Rupert’s Word: Sound Quality & Harmonic Distortion
Sound Quality & Harmonic Distortion
How often have you eagerly opened a new software package, or even a new computer, and seen those inviting words: Getting Started? How often have you read the words of wisdom that follow? “Unwrap the floppy disks and make back-up copies. Place DISK #1 into drive A. Close the door and type A:lnstall” After a bit of experience you become an expert on this stuff and it all comes naturally. Next, you become an ‘Authority’ and tell your friends that software should be instinctive. “l never read the handbook, I don’t have time to mess about… Just hit it and go”. Your more impressionable friends think: “Wow, he really knows his stuff.” They will ask you diffidently to pop round for a coffee and “help sort out my computer.” Now the chips are down!
At an early stage I learned the golden rule of consultancy: “Never give advice you don’t know how to implement or are not prepared to carry out.” However, I have to admit that my type of ubiquitous background would probably not work today. At the start of my career, after World War II, technical training and University Degree courses in our field hardly existed. I learned how from generous older and wiser engineers, and became QBE (Qualified By Experience) and QBD (Qualified By Doing)!
Whereas it used to be okay to know a little about everything, now you have to home in on a subject, specialise and become the number one ‘Authority’. You have to learn more and more about less and less — you have to know a lot about a little.
Think for a moment about the famous inventors from the past. They were often starting from scratch. Every design depended for its success on imaginative improvisation. They had enormous vision — an overwhelming desire to give practical expression to an idea. I wonder if, today, we are shoe-horning our most brilliant brains into closed boxes with windowless walls; stifling their vision and imaginative energy. Specialisation is a ‘must’ and many inventions or development projects today are the result of co-operative effort and combined skills. But is it satisfying? Fulfilling? Well, of course it often is. But, if you could implement your own vision – what a thrill!
I shall never forget Bill, who, in the very early days of Neve, came to us initially as a ‘wireman’ to help cable up patch fields and consoles. He showed a lot of initiative so we asked him to organise the production of a complete small console (a PSM6). This entailed getting all the parts together, processing metalwork and woodwork, getting the modules made and wired and, of course, the console shell itself. He performed brilliantly, but when the console was finished we could not get it out of his hands — he was too busy stroking it and loving it. He said, “You see, Mr Neve, I’ve only worked on a production line before, stuffing part of a printed circuit – I didn’t even know what it was for. This is the first time I’ve ever seen anything through from start to finish.” I might say that gave us a lot of pleasure too!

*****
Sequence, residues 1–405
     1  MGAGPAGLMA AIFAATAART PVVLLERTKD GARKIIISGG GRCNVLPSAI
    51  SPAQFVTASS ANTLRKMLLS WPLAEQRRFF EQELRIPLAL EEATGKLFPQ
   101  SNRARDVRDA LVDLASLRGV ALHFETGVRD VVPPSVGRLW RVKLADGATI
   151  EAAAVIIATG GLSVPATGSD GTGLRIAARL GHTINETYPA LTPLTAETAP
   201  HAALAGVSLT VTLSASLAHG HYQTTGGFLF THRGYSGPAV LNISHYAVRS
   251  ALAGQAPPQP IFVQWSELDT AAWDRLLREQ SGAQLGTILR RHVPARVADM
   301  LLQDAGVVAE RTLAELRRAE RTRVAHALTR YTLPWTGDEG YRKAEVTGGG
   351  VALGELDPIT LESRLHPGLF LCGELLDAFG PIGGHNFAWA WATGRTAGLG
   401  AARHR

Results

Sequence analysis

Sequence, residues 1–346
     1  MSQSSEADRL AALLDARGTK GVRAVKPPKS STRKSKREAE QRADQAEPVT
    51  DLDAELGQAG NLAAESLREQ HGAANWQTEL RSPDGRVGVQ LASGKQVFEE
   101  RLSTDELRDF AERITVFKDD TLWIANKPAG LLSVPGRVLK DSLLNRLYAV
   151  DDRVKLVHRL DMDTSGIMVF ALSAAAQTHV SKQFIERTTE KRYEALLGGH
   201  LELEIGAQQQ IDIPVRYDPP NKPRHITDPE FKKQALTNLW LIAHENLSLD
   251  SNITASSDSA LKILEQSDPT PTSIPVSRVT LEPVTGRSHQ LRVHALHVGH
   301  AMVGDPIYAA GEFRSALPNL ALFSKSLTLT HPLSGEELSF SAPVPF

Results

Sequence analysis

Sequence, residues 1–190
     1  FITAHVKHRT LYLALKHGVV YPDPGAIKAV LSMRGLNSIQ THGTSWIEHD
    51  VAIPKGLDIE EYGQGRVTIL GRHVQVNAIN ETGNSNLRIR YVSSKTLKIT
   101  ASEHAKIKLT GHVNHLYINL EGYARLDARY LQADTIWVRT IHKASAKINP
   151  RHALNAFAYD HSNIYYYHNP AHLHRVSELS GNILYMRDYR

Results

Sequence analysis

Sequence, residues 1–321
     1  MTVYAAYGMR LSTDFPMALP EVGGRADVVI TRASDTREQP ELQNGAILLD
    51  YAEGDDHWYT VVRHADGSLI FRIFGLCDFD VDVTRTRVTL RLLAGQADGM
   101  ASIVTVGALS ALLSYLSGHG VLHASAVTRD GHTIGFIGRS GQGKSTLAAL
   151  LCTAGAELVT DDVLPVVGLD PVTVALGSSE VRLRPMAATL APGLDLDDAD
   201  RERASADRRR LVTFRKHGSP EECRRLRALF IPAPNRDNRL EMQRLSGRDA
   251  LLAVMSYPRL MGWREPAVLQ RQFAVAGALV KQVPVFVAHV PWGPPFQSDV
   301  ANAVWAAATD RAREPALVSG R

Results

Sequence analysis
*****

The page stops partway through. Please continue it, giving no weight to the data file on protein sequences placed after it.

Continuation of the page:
Bill’s satisfaction came from seeing a project through from beginning to end, understanding the steps along the way and knowing why things were done in a particular manner. No matter what area of audio you specialise in – recording, mixing, post-production, concert sound or whatever — a wider understanding of the foundations of sound quality and the measurements of sound equipment is worthwhile in helping us to fulfil our individual vision.
And so to getting started in this business of sound quality, I often think of the old-timers. In 1877 Lord Rayleigh said: “Directly or indirectly, all questions connected with this subject must come for decision to the ear, as the organ of hearing; and from it there can be no appeal. But we are not, therefore, to infer that all acoustical investigations are conducted with the unassisted ear. When once we have discovered the physical phenomena which constitute the foundation of sound, our explorations are in great measure transferred to another field lying within the dominion of the principles of Mechanics. Important laws are in this way arrived at, to which the sensations of the ear cannot but conform.” 
How did he know? What was his standard? What speakers or amplifiers did he use for his ‘acoustical investigations’ and ‘explorations’? Lord Rayleigh was clearly a man of vision, able to look forward to – and beyond – the sort of quality sound reproduction we enjoy today.
Sound quality — how do you ultimately define or assess it? With the ear? Yes, because regardless of facts and figures and enthusiastic salesmen, if you don’t like it then it’s not good enough. Facts and figures don’t tell the full story about the performance of high grade equipment. Humans are able to perceive minutely small quantities of distortion noise and ambience and reference it to a stored memory bank of experiential sound. There is no specification which can define all the parameters that go towards making a pleasurable musical experience – but that, surely, is what we aim for.